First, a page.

When it comes to cacti as houseplants, there’s an enormous range of species out there, but here we’ll look at some of the more commonly encountered types of desert cacti that you can add to your home.
Click through to the plant profile for everything you need to know about what conditions your cacti need to thrive.
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Types of Cacti
Bunny ears (Opuntia microdasys)
Immediately recognisable, this cactus family (also known as prickly pears) has oval pads with tiny hair-like spines called glochids. A large family varying greatly in size and spine arrangement, many of them will flower if allowed enough space and light.
Bunny ears may look cuddly but the 'fur' is actually maded up of tiny barbed spines that are difficult to dislodge.
Star cactus (Astrophytum spp.)
A beautiful family of cacti often speckled with tiny white dots on compact plants. They can appear quite striking with evenly sectioned/segmented bodies and relatively large papery blooms.
This beautifully patterned A.ornatum is typical of the family and also has large yellow flowers.
Pincushion cactus (Mammillaria spp.)
The Mammillaria genus has over 200 known species, and many of them are suitable for home growing. Plants are round to columnar, and the short spines are tightly clustered. Some have small tufts of hair, giving rise to names like old lady cactus (M. hahniana) and powder puff cactus (M. bocasana). Flowers readily in spring, producing a crown of pink-magenta blooms.
Easy to grow and easy to bloom, the pincushion cacti are great for the novice and enthusiast alike.
Chin cactus (Gymnocalycium mihanovichii)
A patterned, darkly-coloured cactus with attractive banding and flowers. Also comes in varied mutants which lack chlorophyll. These are grafted onto a stock cactus and are somewhat of a novelty, looking like a red, yellow or orange cactus lollipop.
Some people love these little cactus lollipops, others think they're artificial eyesores.
Golden barrel cactus (Echinocactus grusonii)
Also affectionately known as mother-in-law’s cushion, E. grusonii is a large, round cactus with curved yellow spines. It makes a good statement plant and is very tolerant of neglect.
Whoever saw this as a cushion must have really had it in for their mother-in-law! Ouch!
Spiral cereus (Cereus forbesii ‘Spiralis’)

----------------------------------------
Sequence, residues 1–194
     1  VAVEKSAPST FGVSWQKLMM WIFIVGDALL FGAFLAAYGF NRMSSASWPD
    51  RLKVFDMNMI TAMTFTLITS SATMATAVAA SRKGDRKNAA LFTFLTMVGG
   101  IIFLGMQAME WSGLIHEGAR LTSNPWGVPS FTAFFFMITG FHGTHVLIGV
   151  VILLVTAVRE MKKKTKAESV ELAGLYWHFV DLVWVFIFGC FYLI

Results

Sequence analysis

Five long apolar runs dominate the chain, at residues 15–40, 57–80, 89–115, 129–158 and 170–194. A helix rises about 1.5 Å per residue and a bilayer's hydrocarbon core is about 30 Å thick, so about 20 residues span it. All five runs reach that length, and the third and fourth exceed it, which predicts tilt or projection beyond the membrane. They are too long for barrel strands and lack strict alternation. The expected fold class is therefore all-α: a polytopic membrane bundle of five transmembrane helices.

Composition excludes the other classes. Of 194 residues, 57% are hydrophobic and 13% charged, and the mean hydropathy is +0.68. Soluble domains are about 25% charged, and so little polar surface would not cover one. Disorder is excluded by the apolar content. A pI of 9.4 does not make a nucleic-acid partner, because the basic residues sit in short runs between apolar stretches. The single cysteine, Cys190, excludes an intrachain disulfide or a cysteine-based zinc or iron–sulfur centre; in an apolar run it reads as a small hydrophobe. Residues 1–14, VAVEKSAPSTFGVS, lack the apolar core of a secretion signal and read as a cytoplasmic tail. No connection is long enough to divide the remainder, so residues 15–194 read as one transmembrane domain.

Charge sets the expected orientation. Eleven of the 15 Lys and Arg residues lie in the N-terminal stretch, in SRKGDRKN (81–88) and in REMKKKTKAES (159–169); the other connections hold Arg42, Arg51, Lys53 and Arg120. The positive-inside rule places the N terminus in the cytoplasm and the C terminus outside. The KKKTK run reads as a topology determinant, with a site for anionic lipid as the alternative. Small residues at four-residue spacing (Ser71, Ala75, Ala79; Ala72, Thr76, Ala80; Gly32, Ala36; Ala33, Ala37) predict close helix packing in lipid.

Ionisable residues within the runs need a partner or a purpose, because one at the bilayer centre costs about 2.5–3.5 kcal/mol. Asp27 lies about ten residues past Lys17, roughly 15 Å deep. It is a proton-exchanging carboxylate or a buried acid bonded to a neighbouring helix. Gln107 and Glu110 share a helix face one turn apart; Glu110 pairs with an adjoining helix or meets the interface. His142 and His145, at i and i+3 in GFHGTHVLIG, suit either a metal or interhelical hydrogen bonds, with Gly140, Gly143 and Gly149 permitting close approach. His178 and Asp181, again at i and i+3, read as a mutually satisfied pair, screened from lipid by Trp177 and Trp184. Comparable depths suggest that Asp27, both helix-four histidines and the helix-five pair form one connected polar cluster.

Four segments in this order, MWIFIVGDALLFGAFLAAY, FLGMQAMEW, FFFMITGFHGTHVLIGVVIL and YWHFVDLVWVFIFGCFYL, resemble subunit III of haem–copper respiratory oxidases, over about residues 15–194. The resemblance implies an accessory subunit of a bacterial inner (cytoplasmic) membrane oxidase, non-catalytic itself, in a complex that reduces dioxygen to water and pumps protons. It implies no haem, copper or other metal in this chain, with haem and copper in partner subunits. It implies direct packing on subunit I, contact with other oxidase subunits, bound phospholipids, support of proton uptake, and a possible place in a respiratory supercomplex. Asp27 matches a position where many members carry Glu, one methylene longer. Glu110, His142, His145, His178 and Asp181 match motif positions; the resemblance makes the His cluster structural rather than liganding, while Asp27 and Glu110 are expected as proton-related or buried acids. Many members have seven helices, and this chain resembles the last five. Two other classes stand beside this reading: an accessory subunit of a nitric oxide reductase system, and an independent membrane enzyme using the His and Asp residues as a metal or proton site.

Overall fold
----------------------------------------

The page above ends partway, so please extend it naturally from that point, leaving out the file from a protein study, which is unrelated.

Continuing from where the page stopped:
A real oddity, this contorted version on the tall, columnar cereus cactus is popular for modern homes and has a twisted stem with small spines. It can grow very tall, but as with most cacti is slow growing in the home.
Equally good for the modernist or collector of curiosities.
Rat tail cactus (Aporocactus flagelliformis)
One of the few dry-habitat cacti to trail. A native of Mexico’s dry forests, the rat tail cactus is now thought to be extinct in the wild. Long 2-3 cm wide prickly stems trail down to two metres in length and play host to vivid pink blooms.
Watch your head if you choose to grow the rat tail cactus in a hanging pot as it's covered in small spines
Sea urchin cactus (Echinopsis spp.)
A popular family of cacti which have round bodies with short spines. Aside from their classic cactus appearance, they are known for their large, striking flowers which dwarf the plants and come in a wide range of colours.
Echinopsis cacti really know how to put on a show. Keep cool and dry in winter and water more frequently in spring to encourage blooming.
Old-man Cactus (Cephalocereus senilis)
A charming columnar cactus covered in wispy white hair. Very often included in cactus collections, it offers an excellent contrast to the round, green types and will eventually grow very tall.
The long hairs keep the plant cool in the wild, protecting it against the searing desert heat and helping to reduce water loss.
Turk’s cap cactus (Melocactus spp.)
These cacti begin their lives looking similar to Echinopsis, yet as they mature a cephalium appears - a dense crown of cream-to-orange spines which then grows taller over time and produces flowers. A little oddball.
The orange cephalium can be clearly seen here on this Melocactus. This will grow taller with age and produce more flowers.
Unlike the other cacti on this list, Christmas cacti are natural jungle dwellers. They are often confused with the other holiday varieties (the Thanksgiving and Easter cacti).
If you want to know more about how to look after them, have a look at this article from our editor.